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Jeffrey Peer

College: Graduate Center
Awards: Fulbright-Hays Group Projects Abroad Program, 2015

The Mexico Chonicles

On Oct. 2, 1968, police and military troops in Mexico City shot into a crowd of unarmed students who had jammed Tlatelolco Plaza to protest an earlier attack at a national preparatory school. At least 40 students died, perhaps many more. Thousands were beaten and jailed. Countless students disappeared.

"It was a period of intense transformation in the history of the city," says Jeffrey Peer, a third-year doctoral student at the CUNY Graduate Center. With a 2015 Fulbright grant, he intends to study how that tumultuous era, as well as the decades that followed Mexico's revolution, which started in 1910, were narrated in newspaper essays known as the crónica urbana, or urban chronicle.

"The crónica urbana has a long history in Mexico," he says. "These essays range from personal reflections and anecdotes to reflections on the city, itself, to stories about events and celebrities - all aspects of middle-class life in Mexico City."

Working in the national archives at UNAM, the National Autonomous University of Mexico, Peer will focus on two major essayists, Salvador Novo López (1904-1974) and José Joaquín Blanco (born 1951).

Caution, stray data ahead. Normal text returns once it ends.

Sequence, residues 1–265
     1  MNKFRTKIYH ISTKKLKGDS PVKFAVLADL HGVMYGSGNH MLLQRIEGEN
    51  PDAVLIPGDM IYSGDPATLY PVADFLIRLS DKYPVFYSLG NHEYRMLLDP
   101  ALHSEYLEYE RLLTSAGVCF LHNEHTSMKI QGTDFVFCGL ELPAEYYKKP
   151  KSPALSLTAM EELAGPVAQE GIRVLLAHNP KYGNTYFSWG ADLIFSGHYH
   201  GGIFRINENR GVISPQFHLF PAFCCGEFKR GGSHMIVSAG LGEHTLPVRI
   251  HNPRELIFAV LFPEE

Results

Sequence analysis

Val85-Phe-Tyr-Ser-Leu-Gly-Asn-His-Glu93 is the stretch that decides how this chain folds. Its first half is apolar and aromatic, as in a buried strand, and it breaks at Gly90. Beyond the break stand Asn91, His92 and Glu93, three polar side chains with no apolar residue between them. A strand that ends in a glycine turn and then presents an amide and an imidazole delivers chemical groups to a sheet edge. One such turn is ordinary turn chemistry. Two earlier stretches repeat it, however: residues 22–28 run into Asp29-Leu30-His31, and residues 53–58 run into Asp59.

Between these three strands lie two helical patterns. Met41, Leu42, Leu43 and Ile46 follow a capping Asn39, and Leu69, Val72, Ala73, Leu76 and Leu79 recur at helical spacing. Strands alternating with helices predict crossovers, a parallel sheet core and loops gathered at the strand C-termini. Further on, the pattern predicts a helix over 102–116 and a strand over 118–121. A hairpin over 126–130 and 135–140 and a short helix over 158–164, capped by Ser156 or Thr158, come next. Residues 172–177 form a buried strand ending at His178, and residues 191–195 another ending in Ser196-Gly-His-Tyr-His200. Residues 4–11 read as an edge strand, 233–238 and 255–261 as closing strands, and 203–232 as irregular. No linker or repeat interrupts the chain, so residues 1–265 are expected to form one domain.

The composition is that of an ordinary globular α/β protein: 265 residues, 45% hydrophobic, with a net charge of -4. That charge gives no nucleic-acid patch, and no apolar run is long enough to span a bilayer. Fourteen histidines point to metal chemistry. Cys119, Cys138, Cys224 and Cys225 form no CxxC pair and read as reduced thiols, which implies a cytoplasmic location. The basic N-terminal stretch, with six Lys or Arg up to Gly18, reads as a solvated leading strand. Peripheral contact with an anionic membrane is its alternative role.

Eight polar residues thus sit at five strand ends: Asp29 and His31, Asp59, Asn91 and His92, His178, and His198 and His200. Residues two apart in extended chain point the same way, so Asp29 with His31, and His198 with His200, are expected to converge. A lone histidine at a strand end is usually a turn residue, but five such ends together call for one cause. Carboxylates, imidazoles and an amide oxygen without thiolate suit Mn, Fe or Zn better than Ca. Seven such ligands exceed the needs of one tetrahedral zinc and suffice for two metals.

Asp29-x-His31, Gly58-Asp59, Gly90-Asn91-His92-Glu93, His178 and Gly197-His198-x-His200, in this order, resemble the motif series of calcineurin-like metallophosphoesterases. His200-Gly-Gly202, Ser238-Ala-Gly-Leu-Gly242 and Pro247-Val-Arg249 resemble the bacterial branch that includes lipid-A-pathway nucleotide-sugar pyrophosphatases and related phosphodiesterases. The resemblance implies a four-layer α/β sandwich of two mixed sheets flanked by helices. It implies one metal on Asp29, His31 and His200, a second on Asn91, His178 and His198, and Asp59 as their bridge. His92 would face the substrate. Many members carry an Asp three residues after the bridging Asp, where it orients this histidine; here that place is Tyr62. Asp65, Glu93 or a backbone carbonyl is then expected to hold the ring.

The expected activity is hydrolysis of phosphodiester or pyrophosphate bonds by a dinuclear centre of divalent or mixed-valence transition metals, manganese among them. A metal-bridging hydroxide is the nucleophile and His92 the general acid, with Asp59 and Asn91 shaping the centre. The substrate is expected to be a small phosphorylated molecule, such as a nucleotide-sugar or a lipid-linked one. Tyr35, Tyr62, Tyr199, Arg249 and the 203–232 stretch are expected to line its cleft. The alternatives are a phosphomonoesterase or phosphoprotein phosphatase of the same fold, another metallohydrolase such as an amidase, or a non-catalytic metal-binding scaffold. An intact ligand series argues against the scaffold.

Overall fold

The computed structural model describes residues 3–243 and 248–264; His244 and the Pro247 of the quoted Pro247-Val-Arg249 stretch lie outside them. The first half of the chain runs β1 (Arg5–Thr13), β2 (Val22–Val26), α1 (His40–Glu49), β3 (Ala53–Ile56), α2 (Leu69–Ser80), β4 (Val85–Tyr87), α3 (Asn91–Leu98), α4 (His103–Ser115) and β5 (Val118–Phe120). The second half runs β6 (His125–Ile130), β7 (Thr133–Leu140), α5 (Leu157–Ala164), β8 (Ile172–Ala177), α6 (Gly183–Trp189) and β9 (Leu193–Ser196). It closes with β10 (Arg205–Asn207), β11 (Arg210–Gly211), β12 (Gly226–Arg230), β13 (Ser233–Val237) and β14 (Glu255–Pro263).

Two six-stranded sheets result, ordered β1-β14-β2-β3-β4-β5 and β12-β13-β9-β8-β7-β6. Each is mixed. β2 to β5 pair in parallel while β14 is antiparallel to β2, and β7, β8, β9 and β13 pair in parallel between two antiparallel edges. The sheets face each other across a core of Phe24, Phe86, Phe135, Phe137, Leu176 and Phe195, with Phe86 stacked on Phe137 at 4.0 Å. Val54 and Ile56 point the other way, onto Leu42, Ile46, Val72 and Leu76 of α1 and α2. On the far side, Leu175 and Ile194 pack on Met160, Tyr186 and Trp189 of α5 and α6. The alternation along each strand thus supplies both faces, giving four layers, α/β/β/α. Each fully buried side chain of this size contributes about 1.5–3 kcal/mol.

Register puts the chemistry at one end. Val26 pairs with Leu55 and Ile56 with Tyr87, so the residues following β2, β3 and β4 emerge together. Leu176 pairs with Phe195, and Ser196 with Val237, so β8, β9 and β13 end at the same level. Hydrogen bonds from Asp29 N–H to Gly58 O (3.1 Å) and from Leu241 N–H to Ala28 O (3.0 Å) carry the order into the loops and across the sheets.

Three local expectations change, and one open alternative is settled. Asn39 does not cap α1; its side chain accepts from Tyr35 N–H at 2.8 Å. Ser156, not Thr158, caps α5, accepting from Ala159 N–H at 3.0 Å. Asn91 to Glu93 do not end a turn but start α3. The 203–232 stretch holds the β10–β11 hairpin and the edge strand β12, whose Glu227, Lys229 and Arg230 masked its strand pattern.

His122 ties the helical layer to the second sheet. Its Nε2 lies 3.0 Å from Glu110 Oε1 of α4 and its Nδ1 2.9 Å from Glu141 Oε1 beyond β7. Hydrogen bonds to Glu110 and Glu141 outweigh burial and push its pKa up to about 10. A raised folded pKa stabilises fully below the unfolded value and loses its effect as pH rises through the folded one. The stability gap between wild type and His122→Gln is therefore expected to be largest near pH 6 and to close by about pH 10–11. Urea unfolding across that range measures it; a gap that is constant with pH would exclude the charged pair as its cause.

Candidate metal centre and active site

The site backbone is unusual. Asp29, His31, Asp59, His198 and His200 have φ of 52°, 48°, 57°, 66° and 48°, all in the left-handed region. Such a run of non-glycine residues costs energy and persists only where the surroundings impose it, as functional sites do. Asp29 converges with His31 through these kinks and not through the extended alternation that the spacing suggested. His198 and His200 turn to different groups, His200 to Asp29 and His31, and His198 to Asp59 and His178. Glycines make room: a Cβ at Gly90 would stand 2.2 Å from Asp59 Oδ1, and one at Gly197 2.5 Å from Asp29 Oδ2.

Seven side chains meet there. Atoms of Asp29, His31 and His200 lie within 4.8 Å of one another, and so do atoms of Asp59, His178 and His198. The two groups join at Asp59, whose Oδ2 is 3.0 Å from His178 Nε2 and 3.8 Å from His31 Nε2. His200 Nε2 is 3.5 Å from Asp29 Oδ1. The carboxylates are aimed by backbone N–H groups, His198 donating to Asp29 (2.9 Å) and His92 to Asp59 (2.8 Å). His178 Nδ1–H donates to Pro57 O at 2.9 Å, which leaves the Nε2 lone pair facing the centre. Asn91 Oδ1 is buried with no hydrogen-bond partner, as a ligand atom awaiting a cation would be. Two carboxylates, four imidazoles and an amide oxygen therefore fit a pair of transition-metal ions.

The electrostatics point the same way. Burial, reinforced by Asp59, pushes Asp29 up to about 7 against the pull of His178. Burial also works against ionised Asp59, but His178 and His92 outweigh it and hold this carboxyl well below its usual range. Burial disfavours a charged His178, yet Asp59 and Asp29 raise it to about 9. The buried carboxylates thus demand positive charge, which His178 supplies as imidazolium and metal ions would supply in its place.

Named Mexico City's official chronicler, Novo was a writer, poet, playwright, translator and UNAM professor. Blanco, an UNAM student around the time of the 1968 massacre - he would have been 17 when it happened - is a novelist and translator who won the 1985 best-screenplay Ariel (Mexico's Oscar) for "Frida, naturaleza viva," in which he imagines the dying artist Frida Kahlo recalling scenes from her life.

"All of the essays I'll be looking at have to do with Mexico City and how it has changed over time," Peer says. "From the revolution through the 1950s, when Novo was at his peak, the population grew astronomically. One of the main themes is how explosion of the population in the metropolis changed peoples' lifestyles, especially for the middle class."

That theme holds true for the 1970s and 1980s, when Blanco began extending his reach. He eventually appeared in some 50 newspapers.

Peer expects that his research will result in articles and conference presentations, as well as becoming part of his dissertation.

Born and raised in California, he earned a B.A. in literature at Bennington College in 2006. He was attracted to the CUNY Graduate Center "because of the wonderful comparative literature program. It's a fascinating place, a crossroads of people from so many backgrounds, languages and disciplines."

Peer envisions an academic teaching and research career. He now teaches writing at Baruch College. "It's a lot of fun."